Home Innovation Hyperconvergence Delivers Unexpected Results for VDI Users

Hyperconvergence Delivers Unexpected Results for VDI Users

by Thomas Goepel

The self-help industry is steadily growing, due to a basic human desire for improvement. Consumers can find a plethora of books, podcasts, and seminars, not to mention products and services that promise positive change.

IT organizations that want to experience similar improvements can find them by implementing some less-than-urgent technology makeovers. The results can often deliver unexpected and far-reaching benefits. Client virtualization environments stand to benefit more than most, because even small improvements in system performance are multiplied across hundreds of desktops.


Technology pilot delivers unexpected performance results

System slowdowns, boot storm delays, and backups or batch jobs that run late into the evening are standard fare in virtual desktop environments. While the situation is not ideal, organizations will often postpone modernization of an aging virtual desktop infrastructure (VDI) as long as it remains functional. This can be a costly mistake. As one IT administrator discovered, a switch to hyperconverged infrastructure (HCI) can lower costs and deliver improvements to end user experience that ripple through the entire company.

In the outdated VDI environment at Maryland Auto Insurance, end users were accustomed to working around performance issues and system limitations, but the systems manager was not satisfied. When it was time for a server refresh, he took a step back and looked at the whole infrastructure. HCI could provide the required reliability and application compatibility, while consolidating the IT footprint in the datacenter. Intrigued, he set up an HCI pilot.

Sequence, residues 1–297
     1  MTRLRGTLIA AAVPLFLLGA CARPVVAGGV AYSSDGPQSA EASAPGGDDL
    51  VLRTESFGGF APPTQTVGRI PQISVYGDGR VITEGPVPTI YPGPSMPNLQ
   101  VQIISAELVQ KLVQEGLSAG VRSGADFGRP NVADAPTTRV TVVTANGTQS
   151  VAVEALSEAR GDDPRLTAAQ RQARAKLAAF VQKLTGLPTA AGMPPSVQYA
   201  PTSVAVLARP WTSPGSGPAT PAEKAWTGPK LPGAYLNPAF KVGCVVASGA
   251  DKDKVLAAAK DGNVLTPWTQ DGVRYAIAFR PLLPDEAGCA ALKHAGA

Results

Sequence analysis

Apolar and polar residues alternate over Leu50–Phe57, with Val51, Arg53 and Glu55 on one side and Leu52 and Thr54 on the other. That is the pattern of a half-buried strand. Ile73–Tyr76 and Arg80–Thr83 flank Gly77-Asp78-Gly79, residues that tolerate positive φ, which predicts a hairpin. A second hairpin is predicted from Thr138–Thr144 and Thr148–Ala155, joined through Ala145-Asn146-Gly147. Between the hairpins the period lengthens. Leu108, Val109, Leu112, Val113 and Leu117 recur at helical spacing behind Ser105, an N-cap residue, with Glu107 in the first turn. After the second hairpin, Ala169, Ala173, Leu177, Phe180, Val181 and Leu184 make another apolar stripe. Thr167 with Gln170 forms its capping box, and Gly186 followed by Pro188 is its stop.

The new system delivered a much higher than expected return. As he put it, his organization didn’t know how slow their system was until they saw what was possible. “We do everything with virtual desktops around here, and the change was remarkable. Outlook and Microsoft Office loaded instantaneously, as did our underwriting and imaging applications. Multitasking was no longer a chore.” The IT team witnessed a growing level of frustration with the existing system. “People would look over their shoulders and see their co-workers in the pilot doing everything faster, and they wanted in.”

Proven Benefits of HCI for VDI

This might seem like an isolated case, but benchmark tests in the industry show similar performance results. Hyperconvergence is a popular choice for VDI because it is modular, efficient, and cost-effective. By converging multiple IT functions into a single server building block, hyperconvergence makes it easy to deploy, manage, and scale infrastructure that supports virtual desktops.

In a recent report, HPE SimpliVity hyperconverged infrastructure powered by Intel® demonstrated high performance in VDI environments. The Login VSI validated study showed consistent, very low latency performance at scale, and plenty of compute and storage resources available to host up to 1,000 knowledge workers. Even during node failure, HPE SimpliVity provided continuity of service with no impact on the end user experience. This kind of speed and resiliency can have a powerful effect on VDI end users and on business operations.

Maryland Auto Insurance reduced their infrastructure from seven racks to just half a rack with HPE SimpliVity, which helped them cut energy consumption nearly in half. They also took advantage of built-in backup, dedupe, and compression features. But the big surprise came in performance benefits, multiplied many times over in the VDI environment. Workloads across their enterprise now are balanced with just a few clicks. Every end user benefits from reduced time to launch applications. And because backups and batch jobs run two to three times faster, the system manager and his team get their evenings back.

If your data center could use improvement, consider HCI. For more information, check out The Gorilla Guide to Hyperconverged Infrastructure Strategy, which includes a chapter focused on VDI.

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